With the abrupt closure of schools around the country as a result of the COVID-19 pandemic, many community-based organizations that provide critical supports to students in the school building have had to stop offering services. Others have quickly transitioned to a new way of serving students and have learned some early and important lessons along the way.
Child Trends has been working with youthCONNECT at Suitland High School, a group of nonprofits serving students at Suitland High School in Prince George’s County, Maryland (see “About youthCONNECT” below). The last day of in-person classes in Prince George’s County Public Schools was March 13, 2020, and within a week, youthCONNECT pivoted to serving its students remotely for the remainder of the school year. This blog shares what some of our youthCONNECT partners have learned about serving students during the pandemic.
During the pandemic, students are trying to adjust to a new academic and social reality. At the same time, they are separated from many of the caring adults on whom they usually rely for support and advice, including teachers, coaches, and community members. Many students find it hard to stay motivated to learn remotely and miss in-person interaction with their teachers. Many also struggle with the lack of routine and structure, finding themselves bored and frustrated. youthCONNECT partners check in with youth at least once a week—in some cases almost daily—to provide encouragement, positivity, and a non-family outlet for them to vent. The Suitland principal and administrators have emphasized the importance of contact between youthCONNECT partners and students during this time, and have expressed their gratitude for the continued social, emotional, and academic support that partners provide.
Community partners can no longer go into a classroom to check on a student, conduct home visits, or read a student’s body language when the student insists that ‘everything is fine.’ Early in the shutdown, youthCONNECT partners learned that the mode of communication that one student prefers may not work for another, and that some students will be more resistant to connecting. youthCONNECT partners have tried individual and group text messages, phone calls, social media, and virtual meetings on different platforms to find the mode that works for each student. For students who don’t respond, partners have reached out to family members or through a student’s friends; in other cases, they can enlist school administrators and teachers for help. And some partners have used other approaches: Urban Alliance created an Instagram account to connect with students they hadn’t heard from, and Maryland Multicultural Youth Centers (MMYC) has used food bag delivery as a time to talk to students and families in person from a safe distance.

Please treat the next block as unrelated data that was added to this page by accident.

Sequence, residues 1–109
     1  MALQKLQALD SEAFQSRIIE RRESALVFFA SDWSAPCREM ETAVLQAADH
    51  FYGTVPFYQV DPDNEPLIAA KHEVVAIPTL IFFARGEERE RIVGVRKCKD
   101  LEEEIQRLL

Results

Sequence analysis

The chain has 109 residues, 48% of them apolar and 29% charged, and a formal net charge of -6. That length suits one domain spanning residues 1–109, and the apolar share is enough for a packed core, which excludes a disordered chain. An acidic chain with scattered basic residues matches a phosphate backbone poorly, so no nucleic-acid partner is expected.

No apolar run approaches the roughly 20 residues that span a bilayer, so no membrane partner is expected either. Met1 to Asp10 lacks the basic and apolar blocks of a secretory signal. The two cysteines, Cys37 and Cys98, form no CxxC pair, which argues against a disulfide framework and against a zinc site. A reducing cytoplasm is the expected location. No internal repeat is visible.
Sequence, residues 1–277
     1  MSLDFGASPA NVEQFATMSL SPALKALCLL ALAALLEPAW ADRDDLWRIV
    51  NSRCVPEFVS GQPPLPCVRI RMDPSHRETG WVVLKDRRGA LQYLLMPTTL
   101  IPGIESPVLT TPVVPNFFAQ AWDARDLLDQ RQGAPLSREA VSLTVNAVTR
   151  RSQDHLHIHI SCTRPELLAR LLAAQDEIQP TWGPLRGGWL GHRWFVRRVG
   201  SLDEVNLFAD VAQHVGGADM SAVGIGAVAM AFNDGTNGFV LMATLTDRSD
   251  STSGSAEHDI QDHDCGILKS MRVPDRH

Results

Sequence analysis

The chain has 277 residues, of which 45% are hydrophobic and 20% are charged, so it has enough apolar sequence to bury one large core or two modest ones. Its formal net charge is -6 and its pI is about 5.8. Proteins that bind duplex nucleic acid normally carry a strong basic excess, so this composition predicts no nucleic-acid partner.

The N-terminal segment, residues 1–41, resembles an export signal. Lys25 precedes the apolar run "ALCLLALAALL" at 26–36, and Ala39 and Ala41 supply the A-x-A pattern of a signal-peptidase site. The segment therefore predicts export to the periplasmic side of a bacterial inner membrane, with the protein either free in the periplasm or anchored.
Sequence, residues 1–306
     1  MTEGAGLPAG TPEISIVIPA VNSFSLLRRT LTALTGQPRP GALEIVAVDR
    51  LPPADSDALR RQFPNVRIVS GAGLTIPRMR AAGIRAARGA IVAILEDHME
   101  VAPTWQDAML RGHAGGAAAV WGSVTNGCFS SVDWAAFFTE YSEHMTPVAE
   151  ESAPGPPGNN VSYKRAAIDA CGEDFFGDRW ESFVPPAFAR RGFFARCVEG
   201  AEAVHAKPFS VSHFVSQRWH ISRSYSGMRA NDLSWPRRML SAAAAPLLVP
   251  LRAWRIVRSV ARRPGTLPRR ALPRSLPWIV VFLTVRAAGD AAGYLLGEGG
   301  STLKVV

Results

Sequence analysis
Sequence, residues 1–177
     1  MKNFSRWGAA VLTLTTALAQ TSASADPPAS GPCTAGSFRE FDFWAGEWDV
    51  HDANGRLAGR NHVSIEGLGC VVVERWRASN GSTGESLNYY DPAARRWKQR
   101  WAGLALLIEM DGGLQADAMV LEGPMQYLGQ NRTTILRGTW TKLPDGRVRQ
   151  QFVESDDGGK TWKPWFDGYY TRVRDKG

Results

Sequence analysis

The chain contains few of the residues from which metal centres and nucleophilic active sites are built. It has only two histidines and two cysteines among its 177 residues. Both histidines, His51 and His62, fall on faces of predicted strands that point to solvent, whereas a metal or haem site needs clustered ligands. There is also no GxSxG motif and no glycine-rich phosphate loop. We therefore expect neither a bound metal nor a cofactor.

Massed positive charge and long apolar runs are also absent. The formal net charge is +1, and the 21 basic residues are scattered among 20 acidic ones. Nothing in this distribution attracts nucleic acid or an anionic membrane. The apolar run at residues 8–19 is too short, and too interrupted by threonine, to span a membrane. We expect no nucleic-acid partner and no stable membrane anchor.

Some wraparound supports provided by youthCONNECT partners were quickly transitioned online with relative fidelity. Hillside Work-Scholarship Program (Hillside) began conducting its weekly life skills training sessions online almost immediately. Year Up transitioned its information sessions to a virtual platform and reached out to teachers and administrators to invite seniors who might benefit from the program. Many partner staff are helping students with schoolwork remotely, taking questions that might normally be directed to teachers. Urban Alliance has transitioned from offering its professional development workshop content in person to sharing it via teachers’ virtual classrooms. Other services have been expanded or reimagined; for example, one advantage of virtual engagement opportunities is that they can feature speakers who otherwise wouldn’t be able to travel to meet students in person. Dozens of students have taken advantage of Urban Alliance’s new online office hours. Hillside added virtual college campus tours to its trainings. Peer Forward’s national office is producing a podcast for students to provide information that peer leaders would typically share in person with their fellow students.
youthCONNECT partners discovered early on that some families weren’t aware of available resources, such as the laptops that Prince George’s County Public Schools issued to students who didn’t have devices at home, or the meal distribution sites throughout the county. Many others were confused about distance learning expectations and requirements. Often, this kind of information doesn’t reach the intended recipients because students lose their school email passwords, phone service gets shut off, or caregivers’ contact details in the school’s system become outdated. Additionally, during the COVID-19 crisis, many people are simply overwhelmed with the amount of information they receive. Through weekly meetings, youthCONNECT partners share information with each other about resources in the community. Partners also connect with school administrators, who attend meetings to answer questions that students have posed about distance learning requirements and directives from the school district. The youthCONNECT partners can then ensure that students and their families get information about services to meet their basic needs, along with guidance to stay on track academically.
youthCONNECT is an initiative developed by Venture Philanthropy Partners, in which a network of nonprofit partners work together to support students to graduate prepared for college and careers. At Suitland High School in Prince George’s County, Maryland, youthCONNECT is made up of five nonprofits: Urban Alliance, Hillside Work-Scholarship Connection (Hillside), Maryland Multicultural Youth Centers (MMYC), Peer Forward, and Year Up. The partners provide a range of services, including individualized case management, mentoring, college preparation, life skills training, and afterschool tutoring.
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